The broilers consumed approximately 82 g of grain/kg body weight per day when averaged over the 42-day feeding trial which is in line with industry expectations. Monsanto reported a statistically significant increase in broiler growth rate and feed efficiency in broilers receiving LY038(-) and conventional maize diets supplemented with lysine versus the same diets without added lysine. In addition, they reported no statistically significant differences in growth rate or feed efficiency in broilers fed LY038 diet versus birds fed LY038(-) or the four conventional varieties supplemented with crystalline lysine. Monsanto reported a statistically significant increase in growth rate and feed efficiency in broilers fed LY038 versus birds fed LY038(-) and the four conventional varieties not supplemented with lysine. Chick mortality was low and was random without any relationship to treatment. No unexpected effects on bird health were observed with the feeding of LY038 grain.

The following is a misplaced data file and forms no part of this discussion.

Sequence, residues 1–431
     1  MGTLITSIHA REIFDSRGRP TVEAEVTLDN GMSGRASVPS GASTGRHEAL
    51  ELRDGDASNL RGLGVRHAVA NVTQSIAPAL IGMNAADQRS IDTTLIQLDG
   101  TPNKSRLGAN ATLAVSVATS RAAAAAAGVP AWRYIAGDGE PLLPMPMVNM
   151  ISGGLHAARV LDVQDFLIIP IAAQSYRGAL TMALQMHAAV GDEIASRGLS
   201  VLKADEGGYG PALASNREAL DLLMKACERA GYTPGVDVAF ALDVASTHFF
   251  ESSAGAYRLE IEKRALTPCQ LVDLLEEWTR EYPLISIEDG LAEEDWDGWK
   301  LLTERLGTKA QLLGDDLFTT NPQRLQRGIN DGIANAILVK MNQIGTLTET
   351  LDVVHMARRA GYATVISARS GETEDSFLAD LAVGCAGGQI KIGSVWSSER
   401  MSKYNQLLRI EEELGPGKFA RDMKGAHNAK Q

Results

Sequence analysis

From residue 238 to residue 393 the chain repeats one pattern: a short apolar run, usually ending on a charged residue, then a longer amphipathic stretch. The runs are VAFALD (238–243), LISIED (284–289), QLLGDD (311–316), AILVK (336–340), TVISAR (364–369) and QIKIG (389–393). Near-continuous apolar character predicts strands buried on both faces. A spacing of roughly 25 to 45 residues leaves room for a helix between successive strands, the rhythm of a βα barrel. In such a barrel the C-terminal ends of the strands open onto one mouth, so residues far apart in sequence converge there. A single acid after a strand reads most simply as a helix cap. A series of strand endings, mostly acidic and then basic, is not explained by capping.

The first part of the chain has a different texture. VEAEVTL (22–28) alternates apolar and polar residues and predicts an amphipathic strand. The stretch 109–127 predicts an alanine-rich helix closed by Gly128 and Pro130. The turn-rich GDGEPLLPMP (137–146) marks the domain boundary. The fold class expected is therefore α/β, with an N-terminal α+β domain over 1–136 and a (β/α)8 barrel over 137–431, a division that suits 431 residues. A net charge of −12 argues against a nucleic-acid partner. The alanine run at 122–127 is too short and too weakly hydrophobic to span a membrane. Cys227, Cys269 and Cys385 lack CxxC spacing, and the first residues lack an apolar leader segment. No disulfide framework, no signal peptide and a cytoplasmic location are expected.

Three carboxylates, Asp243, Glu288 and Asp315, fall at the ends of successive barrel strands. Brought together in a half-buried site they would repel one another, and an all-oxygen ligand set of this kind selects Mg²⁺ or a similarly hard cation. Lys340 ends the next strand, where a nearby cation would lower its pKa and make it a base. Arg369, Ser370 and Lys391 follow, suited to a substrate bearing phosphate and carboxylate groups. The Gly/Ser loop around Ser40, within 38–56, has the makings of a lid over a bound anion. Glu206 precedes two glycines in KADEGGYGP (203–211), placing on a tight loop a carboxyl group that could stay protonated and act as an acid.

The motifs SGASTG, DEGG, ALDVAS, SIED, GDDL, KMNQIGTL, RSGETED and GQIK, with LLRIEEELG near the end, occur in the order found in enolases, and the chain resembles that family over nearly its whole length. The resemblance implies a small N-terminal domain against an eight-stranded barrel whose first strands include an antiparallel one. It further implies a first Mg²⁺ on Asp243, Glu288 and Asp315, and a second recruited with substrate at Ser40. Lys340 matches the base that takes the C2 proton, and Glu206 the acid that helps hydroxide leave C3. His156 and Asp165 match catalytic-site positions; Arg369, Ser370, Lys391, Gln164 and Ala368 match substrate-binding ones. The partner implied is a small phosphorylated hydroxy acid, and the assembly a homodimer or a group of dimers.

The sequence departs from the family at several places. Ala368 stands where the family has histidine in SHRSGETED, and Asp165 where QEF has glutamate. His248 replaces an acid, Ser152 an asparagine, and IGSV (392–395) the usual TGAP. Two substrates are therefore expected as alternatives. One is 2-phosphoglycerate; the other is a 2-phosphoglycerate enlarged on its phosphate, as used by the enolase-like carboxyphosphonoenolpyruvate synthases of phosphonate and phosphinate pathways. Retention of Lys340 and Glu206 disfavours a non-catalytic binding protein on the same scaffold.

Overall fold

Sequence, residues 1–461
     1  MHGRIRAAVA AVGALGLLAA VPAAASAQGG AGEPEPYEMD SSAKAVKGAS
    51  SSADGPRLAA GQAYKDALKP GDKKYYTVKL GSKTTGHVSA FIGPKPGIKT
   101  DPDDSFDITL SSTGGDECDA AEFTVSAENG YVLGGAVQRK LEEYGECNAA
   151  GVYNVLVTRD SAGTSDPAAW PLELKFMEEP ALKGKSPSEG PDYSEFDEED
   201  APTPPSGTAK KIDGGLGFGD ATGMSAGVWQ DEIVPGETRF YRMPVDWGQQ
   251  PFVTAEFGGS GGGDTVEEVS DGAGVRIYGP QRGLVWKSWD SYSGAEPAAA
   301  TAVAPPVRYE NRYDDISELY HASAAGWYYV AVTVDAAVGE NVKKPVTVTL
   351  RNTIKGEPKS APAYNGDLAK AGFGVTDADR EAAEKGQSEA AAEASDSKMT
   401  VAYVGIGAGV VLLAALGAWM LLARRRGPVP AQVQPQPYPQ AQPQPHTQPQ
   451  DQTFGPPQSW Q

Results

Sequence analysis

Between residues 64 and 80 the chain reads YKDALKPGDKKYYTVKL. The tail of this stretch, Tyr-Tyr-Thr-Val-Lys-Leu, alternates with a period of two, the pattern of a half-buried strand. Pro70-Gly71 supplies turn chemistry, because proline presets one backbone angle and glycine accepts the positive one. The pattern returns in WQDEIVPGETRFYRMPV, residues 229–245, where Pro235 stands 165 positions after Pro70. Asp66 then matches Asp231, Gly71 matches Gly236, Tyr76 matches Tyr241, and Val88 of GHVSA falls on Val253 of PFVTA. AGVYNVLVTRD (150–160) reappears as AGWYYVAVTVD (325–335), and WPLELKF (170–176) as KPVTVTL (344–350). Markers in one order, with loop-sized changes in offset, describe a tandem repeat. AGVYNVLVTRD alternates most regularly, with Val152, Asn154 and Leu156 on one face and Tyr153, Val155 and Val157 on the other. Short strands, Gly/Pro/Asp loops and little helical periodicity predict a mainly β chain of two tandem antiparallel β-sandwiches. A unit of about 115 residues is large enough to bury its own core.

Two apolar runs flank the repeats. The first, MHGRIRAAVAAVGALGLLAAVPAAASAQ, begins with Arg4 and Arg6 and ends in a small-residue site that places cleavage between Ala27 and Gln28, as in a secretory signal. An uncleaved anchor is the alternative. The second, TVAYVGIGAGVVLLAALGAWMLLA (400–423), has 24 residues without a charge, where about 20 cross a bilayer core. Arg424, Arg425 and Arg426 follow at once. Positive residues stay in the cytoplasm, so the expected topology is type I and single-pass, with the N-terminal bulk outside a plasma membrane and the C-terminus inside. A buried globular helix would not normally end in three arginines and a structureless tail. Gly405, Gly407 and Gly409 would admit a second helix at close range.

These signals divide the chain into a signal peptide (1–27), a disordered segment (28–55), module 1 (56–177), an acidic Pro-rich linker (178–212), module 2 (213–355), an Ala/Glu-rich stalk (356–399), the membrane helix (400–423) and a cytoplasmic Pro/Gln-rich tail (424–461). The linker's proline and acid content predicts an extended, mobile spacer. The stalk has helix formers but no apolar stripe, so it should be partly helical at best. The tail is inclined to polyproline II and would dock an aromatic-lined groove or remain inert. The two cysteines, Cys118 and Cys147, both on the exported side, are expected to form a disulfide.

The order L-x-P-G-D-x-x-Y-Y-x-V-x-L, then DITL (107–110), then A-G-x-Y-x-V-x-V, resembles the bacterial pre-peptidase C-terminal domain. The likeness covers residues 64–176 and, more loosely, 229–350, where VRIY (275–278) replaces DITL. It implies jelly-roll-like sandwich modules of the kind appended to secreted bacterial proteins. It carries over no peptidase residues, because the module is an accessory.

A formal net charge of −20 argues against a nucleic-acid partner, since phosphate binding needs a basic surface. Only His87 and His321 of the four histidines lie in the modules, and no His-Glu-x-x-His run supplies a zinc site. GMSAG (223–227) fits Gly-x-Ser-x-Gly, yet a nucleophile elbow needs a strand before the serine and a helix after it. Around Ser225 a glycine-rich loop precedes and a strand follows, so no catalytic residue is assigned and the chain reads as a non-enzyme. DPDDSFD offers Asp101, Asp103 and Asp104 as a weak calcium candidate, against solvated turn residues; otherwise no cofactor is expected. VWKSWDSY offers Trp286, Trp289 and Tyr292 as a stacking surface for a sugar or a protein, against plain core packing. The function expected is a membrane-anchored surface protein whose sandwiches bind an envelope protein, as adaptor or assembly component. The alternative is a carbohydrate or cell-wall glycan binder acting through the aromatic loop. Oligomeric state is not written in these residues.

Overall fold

Monsanto has concluded that maize event LY038 is not materially different in composition, safety, or any other relevant parameter from maize now grown, marketed, and consumed in the U.S, with the exception of the intentionally-increased lysine content in the grain. At this time, based on Monsanto's data and information, the agency does not have any further questions and considers Monsanto's consultation on maize event LY038 to be complete.


W. D. Price, Ph.D., PAS



(1)As described in Monsanto's submission, plasmid PV-ZM003 was used in the transformation of maize to generate plants expressing Cre recombinase.

(2)The cDHDPS protein produced in E. coli was encoded by the cordapA gene with, at the N-terminus, three additional amino acids from the C-terminus of the maize dihydrodipicolinate transit peptide sequence.